1951 Aug/Sept, Texas, MA2 443


    The celebrated Lubbock Lights case from Project Blue Book:

    “When four college professors, a geologist, a chemist, a physicist, and a petroleum engineer, report seeing the same UFOs on fourteen different occasions, the event can be classified as, at least, unusual. Add the facts that hundreds of other people saw these UFOs and that they were photographed, and the story gets even better. Add a few more facts - that these UFOs were picked up on radar and that a few people got a close look at one of them, and the story begins to convince even the most ardent skeptics.

    This was the situation the day the reports of the Lubbock Lights arrived at ATIC. Actually the Lubbock Lights, as Project Blue Book calls them, involved many widespread reports. Some of these incidents are known to the public, but the ones that added the emphasis and intrigue to the case and caused hundreds of hours of time to be spent analyzing the reports have not been told before. We collected all of these reports under the one title because there appeared to be a tie-in between them.

    The first word of the sightings reached ATIC late in September 1951, when the mail girl dropped letters into my “in” basket. One of the letters was from Albuquerque, New Mexico, one was from a small town in Washington State, where I knew an Air Defense Command radar station was located, and the other from Reese AFB at Lubbock, Texas.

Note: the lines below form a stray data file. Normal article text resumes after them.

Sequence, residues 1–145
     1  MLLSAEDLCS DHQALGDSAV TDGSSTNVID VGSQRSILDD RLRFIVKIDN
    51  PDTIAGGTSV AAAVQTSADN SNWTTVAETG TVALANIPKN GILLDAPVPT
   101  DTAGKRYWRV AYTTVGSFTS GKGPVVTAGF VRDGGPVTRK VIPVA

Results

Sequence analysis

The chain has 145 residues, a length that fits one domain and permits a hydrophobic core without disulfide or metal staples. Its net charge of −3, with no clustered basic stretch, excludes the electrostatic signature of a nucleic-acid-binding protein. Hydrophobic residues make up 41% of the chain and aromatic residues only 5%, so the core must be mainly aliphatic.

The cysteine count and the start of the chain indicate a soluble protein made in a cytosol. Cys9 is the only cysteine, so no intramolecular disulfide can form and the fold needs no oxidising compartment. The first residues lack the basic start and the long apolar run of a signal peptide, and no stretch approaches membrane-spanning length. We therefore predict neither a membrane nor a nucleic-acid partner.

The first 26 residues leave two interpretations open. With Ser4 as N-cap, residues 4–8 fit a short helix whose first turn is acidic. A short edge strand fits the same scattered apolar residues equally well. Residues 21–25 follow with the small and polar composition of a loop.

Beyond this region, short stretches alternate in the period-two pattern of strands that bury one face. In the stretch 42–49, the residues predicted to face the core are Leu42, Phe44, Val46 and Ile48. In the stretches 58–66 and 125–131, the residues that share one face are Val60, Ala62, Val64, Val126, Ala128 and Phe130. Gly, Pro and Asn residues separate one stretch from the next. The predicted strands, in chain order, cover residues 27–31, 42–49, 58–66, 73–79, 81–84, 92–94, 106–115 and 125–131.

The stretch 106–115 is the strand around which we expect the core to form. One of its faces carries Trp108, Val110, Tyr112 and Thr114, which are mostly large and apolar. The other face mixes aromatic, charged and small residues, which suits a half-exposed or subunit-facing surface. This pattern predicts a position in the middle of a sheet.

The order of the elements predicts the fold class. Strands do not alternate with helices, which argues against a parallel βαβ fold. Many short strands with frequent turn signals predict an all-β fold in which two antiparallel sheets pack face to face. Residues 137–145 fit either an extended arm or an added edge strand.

I opened the Albuquerque letter first. It was a report from 34th Air Defense at Kirtland AFB. The report said that on the evening of August 25, 1951, an employee of the Atomic Energy Commission’s supersecret Sandia Corporation and his wife had seen a UFO. About disk they were sitting in the back yard of their home on the outskirts of Albuquerque. They were gazing at the night sky, commenting on how beautiful it was, when both of them sere startled at the sight of a huge airplane flying swiftly and silently over their home. The airplane had been in sight only a few seconds but they had gotten a good look at it because it was so low. They estimated 800 to 1,000 feet. It was the shape of a “flying wing” and one and half times the size of a B-36. The wing was sharply swept back, almost like a V. Both the husband and wife had seen B-36s over their home many times. They couldn’t see the color of the UFO but they did notice that there were dark bands running across the wing from front to back. On the aft edge of the wings there were six to eight pairs of soft, glowing, bluish lights. The aircraft had passed over their house from north to south.